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5 Ways to Prioritize Mental Wellness When Using Social Media from a Scarsdale, NY Therapist

social media and mental health, therapists in Westchester, ny

Social media is a BIG part of our world and it only continues to get bigger. Throughout the week, whether in my personal life or my professional life, I hear the effects of social media use on individuals. Many of us get sucked into all the videos, pictures and posts on TikTok, Instagram, Facebook, etc., and we can't deny that our social media use needs to be reduced.

I most often discuss social media with my teenage clients or my clients struggling with eating disorders. Our conversations center around the fact that we, as a society, are constantly being fed information about what is "cool", "pretty", "healthy", "trendy" and it starts to seep into the things we do on a daily basis.

It can be very hard to fight that narrative and determine what is right for you and how you want to live your life. There is a lot of influence from what we view on social media and this is a post that gives tips on how to use social media a bit better in order to reduce it's impact and reduce our use.

1. Limit Usage and Set Boundaries

Limiting your social media use can definitely be a hard task but is necessary when trying to reduce the negative effects it can cause. Setting a specific limit for each day and trying to stick to it can be one idea that you implement. Most smartphones have "screen time" settings that can help by shutting down the app after a certain amount of time that you allot yourself.

Establishing a "no social media" time during the day can also be helpful. This can be first thing in the morning or right before you go to bed. You can start small with your limit settings, for example, 30 minutes no social media, and build up the amount of time from there.

2. Identify Harmful Content

Learning to recognize content that may be harmful to your mental health, such as hate speech, cyberbullying, graphic images, or triggering content can be helpful in how you move about social media. You can be triggered by too many workout posts, pro-eating disorder posts, etc..

Anything that you are triggered by from social media can be a useful thing to talk about in therapy sessions as well. I've encouraged clients to unfollow accounts that are all about dieting and false information about nutrition and exercise because they are too triggering for them and were interfering in their recovery.

3. Learn to Block Certain Accounts

You are entirely in control of what accounts you follow and acknowledging that fact can be very empowering. Unfollowing or blocking accounts that post content that negatively impacts your mental health is 100% your right. You can unfollow certain accounts, block certain hashtags or words in order to curate your feed to be more positive.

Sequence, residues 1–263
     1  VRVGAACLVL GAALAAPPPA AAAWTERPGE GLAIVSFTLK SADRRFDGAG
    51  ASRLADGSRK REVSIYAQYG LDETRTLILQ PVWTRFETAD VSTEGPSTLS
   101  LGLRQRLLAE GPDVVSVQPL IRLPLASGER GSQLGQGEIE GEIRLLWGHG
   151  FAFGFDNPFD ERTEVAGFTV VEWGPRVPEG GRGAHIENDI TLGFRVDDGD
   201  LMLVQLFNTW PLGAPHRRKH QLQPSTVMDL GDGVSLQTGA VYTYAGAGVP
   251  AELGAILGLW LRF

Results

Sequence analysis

You can also "mute" certain accounts that way you are seeing less of their posts that might be impacting you. Muting is a great option if you are bothered by what a family member or friend posts and you don't want to cause a conflict by "unfollowing" them. If you want to work toward fully blocking them, this is something you can talk about in therapy.

4. Avoid Comparisons

As hard as it can be, we have to remember that people often share the best parts of their life on social media and it's not always the full picture. People only show what they want the world to see and their profiles are perfectly curated to only show the best and most interesting things.

Limiting and avoiding comparing yourself to others is key in positive social media use. Try to remember that life is both good and bad and you are only seeing a snapshot into someone's life. A therapist can help you reframe some of these negative thoughts.

5. Follow Positive Accounts

Following accounts from mental health advocates, therapists or other organizations that will help challenge the negative narratives you are receiving or provide accurate information can be huge. Following accounts that promote positivity and post motivational content can build a better mindset growth. At the very least this will help balance out your feed and the best case scenario is that this is the only things you are seeing on your feed.

Social media can be a fun way to connect with friends, family and other community members, however, we can't always trust what we see online. Listening to your needs and feelings and adjusting how you use social media, can significantly reduce the impact that social media has on you and your mental health.

Talking about triggering social media posts and how to go about them is something you can bring up with your therapist and treatment team. If you need help in this area, please reach out. We are here for you!


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Stephanie Polizzi is a licensed psychotherapist (LMHC) in Scarsdale, NY at Peaceful Living Mental Health Counseling, serving clients living in NY, NJ and FL.

Stephanie specializes in working with children, teens and adults struggling with anxiety,eating disorders, behavioral challenges, life transitions and trauma.


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